Subgraph

Subgraph OS Review: Simple on the Surface, Solid at the Core

Ever wished that digital security was more accessible?

That you could effectively protect your files and data from threats without spending half your time looking up technical terms?

Or that your OS itself could provide you with all the security you need by default?

You’re not alone. We’re crazy about security, but even we have to admit that the barrier to entry is pretty high.

And yet, in this era of constant threats, advanced malware and daily OS exploits, it’s never been more important for all computer users to stay secure.

Many partial solutions exist. Antivirus software, secure web browsers and VPNs protect us from certain types of danger.

But if you’re using a popular OS, the latest attacks constantly jeopardize your security and privacy. The only solution is to use a secure OS — but most of them are simply too technical for the average user.

Enter Subgraph OS, an operating system that’s designed to bring the strongest security to the wider public. Computer novices and seasoned pros alike can benefit from its unique features, no advanced degrees required.

And it’s received high accolades from one of the biggest cybersecurity advocates in history: Edward Snowden.

We’ve got the lowdown on Subgraph OS, what’s special about it and how to get the most out of it.

What Is Subgraph OS?

Subgraph is a Linux distro based on Debian and created by a team of cybersecurity experts. It’s open-source and operates on the principle that software should be free for all to inspect and use.

Generally, you can split Linux into two types of distros: everyday ones like Ubuntu and secure, specialized ones like Kali Linux.

The latter sacrifice user-friendliness and full consumer functionality for the latest and greatest security tools and features. They’re great for professionals, but the average user will find them bewildering and ineffective for typical uses.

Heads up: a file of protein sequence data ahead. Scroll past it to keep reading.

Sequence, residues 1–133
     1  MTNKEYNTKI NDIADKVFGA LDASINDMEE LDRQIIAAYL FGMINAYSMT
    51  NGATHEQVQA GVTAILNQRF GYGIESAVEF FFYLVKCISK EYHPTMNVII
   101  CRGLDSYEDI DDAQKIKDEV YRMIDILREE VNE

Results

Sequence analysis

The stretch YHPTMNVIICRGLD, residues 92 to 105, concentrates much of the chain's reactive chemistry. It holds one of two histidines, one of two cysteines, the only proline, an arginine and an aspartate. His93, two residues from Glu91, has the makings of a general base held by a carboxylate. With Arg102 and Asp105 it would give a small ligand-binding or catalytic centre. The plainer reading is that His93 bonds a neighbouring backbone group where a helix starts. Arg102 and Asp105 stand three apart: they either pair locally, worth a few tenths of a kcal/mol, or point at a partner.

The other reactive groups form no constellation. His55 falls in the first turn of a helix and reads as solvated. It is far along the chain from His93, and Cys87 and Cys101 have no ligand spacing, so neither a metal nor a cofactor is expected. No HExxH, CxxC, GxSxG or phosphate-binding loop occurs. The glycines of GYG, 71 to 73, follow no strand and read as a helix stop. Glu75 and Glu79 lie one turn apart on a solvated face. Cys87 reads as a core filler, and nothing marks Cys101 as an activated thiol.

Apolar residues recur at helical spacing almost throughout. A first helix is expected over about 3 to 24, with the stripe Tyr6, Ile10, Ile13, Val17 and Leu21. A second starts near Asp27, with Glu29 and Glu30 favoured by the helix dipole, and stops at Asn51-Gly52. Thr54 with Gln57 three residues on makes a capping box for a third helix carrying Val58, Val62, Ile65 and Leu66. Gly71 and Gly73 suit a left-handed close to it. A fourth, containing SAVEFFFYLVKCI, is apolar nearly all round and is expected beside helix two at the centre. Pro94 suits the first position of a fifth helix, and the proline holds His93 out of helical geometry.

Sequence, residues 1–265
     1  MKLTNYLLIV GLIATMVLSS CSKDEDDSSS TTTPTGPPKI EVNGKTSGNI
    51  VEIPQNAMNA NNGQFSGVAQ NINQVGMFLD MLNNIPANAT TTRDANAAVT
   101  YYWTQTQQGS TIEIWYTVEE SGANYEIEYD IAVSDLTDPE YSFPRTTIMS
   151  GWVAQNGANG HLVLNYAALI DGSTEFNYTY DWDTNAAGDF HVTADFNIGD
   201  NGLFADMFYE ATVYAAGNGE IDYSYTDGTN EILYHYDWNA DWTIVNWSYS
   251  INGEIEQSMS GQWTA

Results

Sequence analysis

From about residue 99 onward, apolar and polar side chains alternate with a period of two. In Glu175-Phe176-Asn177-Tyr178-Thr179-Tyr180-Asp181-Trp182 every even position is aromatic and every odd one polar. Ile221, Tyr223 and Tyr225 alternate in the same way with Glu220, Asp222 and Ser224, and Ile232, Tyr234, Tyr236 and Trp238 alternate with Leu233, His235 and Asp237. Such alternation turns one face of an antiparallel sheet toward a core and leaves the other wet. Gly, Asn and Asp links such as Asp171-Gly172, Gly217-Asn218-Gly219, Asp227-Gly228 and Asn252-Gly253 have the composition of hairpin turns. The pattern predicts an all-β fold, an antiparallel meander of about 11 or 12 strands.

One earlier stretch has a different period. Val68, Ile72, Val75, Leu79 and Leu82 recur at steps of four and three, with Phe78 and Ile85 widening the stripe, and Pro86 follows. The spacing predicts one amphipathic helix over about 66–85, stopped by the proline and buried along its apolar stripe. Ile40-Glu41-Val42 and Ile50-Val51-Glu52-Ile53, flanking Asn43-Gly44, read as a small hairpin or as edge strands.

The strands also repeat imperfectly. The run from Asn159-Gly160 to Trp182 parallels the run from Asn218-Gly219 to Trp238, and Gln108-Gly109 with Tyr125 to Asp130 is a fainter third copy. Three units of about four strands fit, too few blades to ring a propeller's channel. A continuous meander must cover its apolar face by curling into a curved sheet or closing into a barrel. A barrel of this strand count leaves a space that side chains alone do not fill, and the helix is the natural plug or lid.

Subgraph OS aims to bridge the gap between secure and user-friendly distros.

It features a locked-down system that’s ultra-secure by default. You can use it normally and enjoy automatic advanced protection.

What’s Different About Subgraph OS?

File System Encryption

Subgraph OS sets itself apart right from the moment you install it. With Subgraph, file system encryption is mandatory — you have no choice but to lock down your hard drive.

File system encryption is an advanced setting on most OSes, and most users never opt for it. But encrypting your file system prevents it from being compromised by a hacker with physical access to your computer.

Without it, a hacker could simply hook your drive up to their computer and steal your files. But encryption renders those stolen files useless, as they can’t be read without the proper key.

Privilege Escalation Attack Prevention

Subgraph OS itself is fortified against all kinds of attacks from its very core.

It’s built with grsecurity, a special Linux patch that prevents privilege escalation attacks.

Hackers and malware can exploit vulnerabilities to gain administrator or root access privileges on your computer. This grants them access to all of your personal and system files, opening the door for even more sinister attacks.

The grsecurity patch modifies the core OS files to protect against these types of attacks. Closing these security holes protects you from both known and future rootkit attacks.

Application Sandboxing with Oz

Normally, when you run a program on Windows, it’s able to interact with other programs and your system.

Some programs use this function innocently and require it for certain features to work. But malware also relies heavily on it, and the consequences can be disastrous.

One bad program is all it takes to potentially wreak havoc on your computer. It could steal your files, cause other apps to malfunction and even corrupt your entire OS.

Subgraph OS prevents this by sandboxing programs with a technology it calls Oz..

In tech-speak, sandboxing refers to quarantining apps and limiting their resources. They’re prevented from accessing the system files or other apps, greatly reducing the amount of damage they can do.

When sandboxed, apps are also given a limited amount of memory and hard drive space. Their network access privileges may be limited or eliminated to prevent any sketchy background downloads or uploads.

This stops many types of malware from functioning correctly.

Cryptocurrency miners, for example, won’t be able to hijack your resources and slow your computer to a halt.